The president of the Billings teachers' union said Tuesday a good portion of members want to get back in the classroom under school Superintendent Greg Upham's plan to reopen schools Aug. 24.
"We know that we do our best work teaching in person, but we want to do our best work when it’s safe. We want to make sure that our staff and students are safe. We’re working with the district to come to what conclusions those look like," said Rachel Schillreff, president of the Billings Education Association.
Schillreff, who's taught in Billings schools for eight years, said the union has been involved in the back-to-school talks with the district since May. During that time, both parties were working to make a plan to mitigate the risk of COVID-19 spread in schools.
“We know that our choices and our decisions are going to have to be fluid, just like the virus itself is ever-changing," Schillreff said.
What teachers want now is to know more specifics about the plan to come back, like knowing if they will be teaching all online, or in-person classes, Schillreff said.
"I think they’re trying to deal with that feeling of, man it’s time to get back and it’s time to get back to the job that I love. But it’s also with that ‘I don’t even know what it’s going to look like. All of my plans have nowhere to land because, we don’t know what it looks like,'" said Schillreff.
Billings parents will be forced to choose between strictly online or in-person schooling for the entire year for their students in the 2020-21 school year as part of the plan. The district is working to count how many students will take the online option to appropriately staff both online and in-person classes.
Schillreff said the union has a survey out to its members asking about their feelings on going back to school and what they would like to see in the plan to come back. So far the union has received back 700 surveys from about 1,000 total members.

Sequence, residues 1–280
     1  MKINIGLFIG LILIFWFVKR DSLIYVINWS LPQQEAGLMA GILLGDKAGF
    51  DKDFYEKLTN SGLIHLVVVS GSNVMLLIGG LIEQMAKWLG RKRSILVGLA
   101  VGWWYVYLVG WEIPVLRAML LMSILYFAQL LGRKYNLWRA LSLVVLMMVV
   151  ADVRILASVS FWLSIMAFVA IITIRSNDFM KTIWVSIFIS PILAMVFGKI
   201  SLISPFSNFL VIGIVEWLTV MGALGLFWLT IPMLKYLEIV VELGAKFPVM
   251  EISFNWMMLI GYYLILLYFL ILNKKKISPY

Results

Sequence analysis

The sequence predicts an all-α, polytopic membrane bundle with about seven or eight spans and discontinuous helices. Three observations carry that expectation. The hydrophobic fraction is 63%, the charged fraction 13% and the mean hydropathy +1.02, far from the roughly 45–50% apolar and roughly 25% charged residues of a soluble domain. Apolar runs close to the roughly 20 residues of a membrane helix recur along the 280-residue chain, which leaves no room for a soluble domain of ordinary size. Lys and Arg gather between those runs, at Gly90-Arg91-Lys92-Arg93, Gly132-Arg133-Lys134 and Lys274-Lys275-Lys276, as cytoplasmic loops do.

"There’s a large group of people that are fully willing and want to return to the classroom. And that’s great. I think that we just need to make sure that we manage those risks well," Schillreff said.
There are some teachers in Billings who are at high risk if they were to contract COVID-19, Schillreff said. As well, many teachers have children that attend the Billings schools.
Many decisions and schedule changes will have to be made to accommodate the safety of parents and students.
“Being prepared and walking through all of those scenarios is our best solution for that. Making sure that we’ve asked all of the questions and that we’ve gone through everything the best that we can. Obviously, there’s always going to be unknowns, but I think preparedness will alleviate a lot of concerns both on the community level and as far as educators," Schillreff said.
The Billings Education Association is in contract negotiations with the district this year. Since the online schooling for some constitutes changed working conditions, the new plan will have to be negotiated.
Regardless, much is still unknown about the school year, Schillreff said.
"I think we all have this worry of the unknown. We don't know what next month is going to look like. And we've been in this kind of rollercoaster of that since March. I think that everybody is a little worried about the 'what ifs.'"